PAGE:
Volume 16 • Issue 20 | October 14 - 20, 2003



What memorial?
Winter Garden visitors confused over plans

By Ashley Winchester

Downtown Express photo by Akiko Miyazaki

Winter Garden viewers look at the proposed memorial area for the World Trade Center site.

Although tourists continue to view the World Trade Center site from the Winter Garden’s expansive second-floor picture windows, many do not know that the memorial has not been selected yet, thinking it was already part of the selected site plan of Daniel Libeskind.

The Lower Manhattan Development Corporation announced it will exhibit the final proposals for the W.T.C. memorial in the Winter Garden when the finalists are announced in a few weeks. In the meantime, visitors to the Winter Garden lobby can view an ongoing wall exhibit highlighting Libeskind’s master site plan, which identifies where the memorial will be.

Los Angeles tourist Gary Borman and his friend, Claudia Butler, formerly of New York, were not aware of the memorial competition prior to visiting the “From Recovery to Renewal” exhibit.

“I didn’t like the plans for the memorial when I first saw the visual,” Butler said, referring to the site plan. “My first reaction was how modern it was, I didn’t like it, but now that I’m reading about the plans, with all the explanation, I like it. If I was designing the memorial, I would leave the wall, and put up the names and ages of the people who died in the attacks. To me one of the most dramatic things about the loss was that it was all aggressive, corporate people in the prime of their life.”

“I like how they kept the walls of the bathtub as a reminder, and the Wedge of Light idea,” Borman said of the final site design. Originally, Libeskind said the plaza wedge would have no shadows each year during the morning hours of Sept. 11 and now it is unclear what the lighting effect will be. When told this, Borman said he would still like the idea as long as there would be some light on the plaza on Sept. 11.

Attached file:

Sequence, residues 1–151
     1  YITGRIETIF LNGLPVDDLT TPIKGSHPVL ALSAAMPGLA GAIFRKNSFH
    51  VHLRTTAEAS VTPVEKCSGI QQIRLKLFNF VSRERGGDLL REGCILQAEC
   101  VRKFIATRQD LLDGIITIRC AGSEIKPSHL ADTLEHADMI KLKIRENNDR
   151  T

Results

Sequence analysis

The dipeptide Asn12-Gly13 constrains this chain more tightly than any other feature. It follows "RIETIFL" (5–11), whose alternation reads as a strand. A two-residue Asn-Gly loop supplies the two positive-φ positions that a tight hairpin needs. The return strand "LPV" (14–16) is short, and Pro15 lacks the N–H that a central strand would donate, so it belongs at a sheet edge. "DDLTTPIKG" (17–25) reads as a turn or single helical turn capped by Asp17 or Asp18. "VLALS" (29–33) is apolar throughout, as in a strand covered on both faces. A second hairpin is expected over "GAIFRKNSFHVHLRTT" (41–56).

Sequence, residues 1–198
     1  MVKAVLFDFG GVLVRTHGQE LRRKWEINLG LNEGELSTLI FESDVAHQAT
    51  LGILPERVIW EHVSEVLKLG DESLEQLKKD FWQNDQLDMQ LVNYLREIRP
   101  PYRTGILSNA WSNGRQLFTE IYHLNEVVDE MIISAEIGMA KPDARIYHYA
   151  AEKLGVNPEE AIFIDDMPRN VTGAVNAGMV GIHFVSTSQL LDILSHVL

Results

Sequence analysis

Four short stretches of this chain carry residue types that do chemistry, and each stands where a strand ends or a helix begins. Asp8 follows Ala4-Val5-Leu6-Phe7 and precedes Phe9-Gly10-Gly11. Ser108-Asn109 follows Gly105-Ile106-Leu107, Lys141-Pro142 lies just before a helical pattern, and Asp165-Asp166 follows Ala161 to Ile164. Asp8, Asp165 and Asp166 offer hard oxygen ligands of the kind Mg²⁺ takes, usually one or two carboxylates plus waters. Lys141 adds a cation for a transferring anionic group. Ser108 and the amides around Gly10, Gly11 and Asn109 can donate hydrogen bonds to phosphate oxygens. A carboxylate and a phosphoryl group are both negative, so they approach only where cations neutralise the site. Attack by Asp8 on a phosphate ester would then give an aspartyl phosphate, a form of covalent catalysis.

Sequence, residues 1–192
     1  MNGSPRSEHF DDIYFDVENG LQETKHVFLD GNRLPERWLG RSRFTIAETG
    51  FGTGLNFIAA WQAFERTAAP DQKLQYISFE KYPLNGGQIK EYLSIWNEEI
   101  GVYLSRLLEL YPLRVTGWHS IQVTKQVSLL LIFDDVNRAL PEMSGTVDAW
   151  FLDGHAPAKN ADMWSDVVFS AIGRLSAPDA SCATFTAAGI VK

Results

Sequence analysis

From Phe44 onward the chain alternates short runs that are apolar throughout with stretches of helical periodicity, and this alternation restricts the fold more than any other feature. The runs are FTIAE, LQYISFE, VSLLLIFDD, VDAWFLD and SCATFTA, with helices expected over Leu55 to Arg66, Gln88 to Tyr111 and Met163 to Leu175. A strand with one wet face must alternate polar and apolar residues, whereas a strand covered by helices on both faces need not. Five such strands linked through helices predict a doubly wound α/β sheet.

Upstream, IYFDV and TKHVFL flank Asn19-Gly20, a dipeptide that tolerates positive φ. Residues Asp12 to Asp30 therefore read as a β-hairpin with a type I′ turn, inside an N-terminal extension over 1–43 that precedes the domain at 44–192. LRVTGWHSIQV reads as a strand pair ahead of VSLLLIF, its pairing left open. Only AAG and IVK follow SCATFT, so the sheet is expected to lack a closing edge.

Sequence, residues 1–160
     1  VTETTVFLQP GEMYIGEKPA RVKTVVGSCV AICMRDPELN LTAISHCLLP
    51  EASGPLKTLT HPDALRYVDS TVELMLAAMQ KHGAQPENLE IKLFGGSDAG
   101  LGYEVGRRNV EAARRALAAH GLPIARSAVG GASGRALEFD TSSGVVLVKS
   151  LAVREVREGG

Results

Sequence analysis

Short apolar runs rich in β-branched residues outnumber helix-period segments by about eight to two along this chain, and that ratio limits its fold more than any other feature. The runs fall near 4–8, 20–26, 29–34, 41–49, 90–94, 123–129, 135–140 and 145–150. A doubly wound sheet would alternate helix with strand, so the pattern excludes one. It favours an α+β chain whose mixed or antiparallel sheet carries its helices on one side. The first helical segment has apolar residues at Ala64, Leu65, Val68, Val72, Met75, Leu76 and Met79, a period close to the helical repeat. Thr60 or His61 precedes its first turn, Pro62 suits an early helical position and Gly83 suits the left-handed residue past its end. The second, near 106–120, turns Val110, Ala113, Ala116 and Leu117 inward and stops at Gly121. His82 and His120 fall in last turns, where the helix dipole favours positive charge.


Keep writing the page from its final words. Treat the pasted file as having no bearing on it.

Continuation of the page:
“I also like the idea of a museum or structure, a place where people can go and spend time and reflect,” Borman said. “She likes all the retail space.”

Despite ongoing efforts to attract constant traffic to the area through these exhibits, however, many Winter Garden businesses continue to suffer from the post-9/11 economy. When Libeskind’s design and its eight competitors were released last December, it did attract crowds to the World Financial Center, but some merchants were skeptical about whether the upcoming memorial exhibit will be much of a help to business.

“During the week we used to see lunch crowds and shoppers, now it’s mostly weekend customers,” Korin said, referring to 2001. “People when they walk by are still spooked. It’s dead in here on weekdays. They don’t want to come into the store, but this isn’t a graveyard. Who knows how long before things will really return to normal and they’ll be finished with the memorial? Ten years? More?”

He favors building over the towers’ footprints.

Watch Station employee Isaiah Nazario said his store has been doing well, but mentioned it is new to the Winter Garden.

“Business has been good, and we’ve been meeting our personal selling goals,” he said. “I don’t think the store was here pre-9/11, though. As for the memorial, they should just rebuild the towers.”


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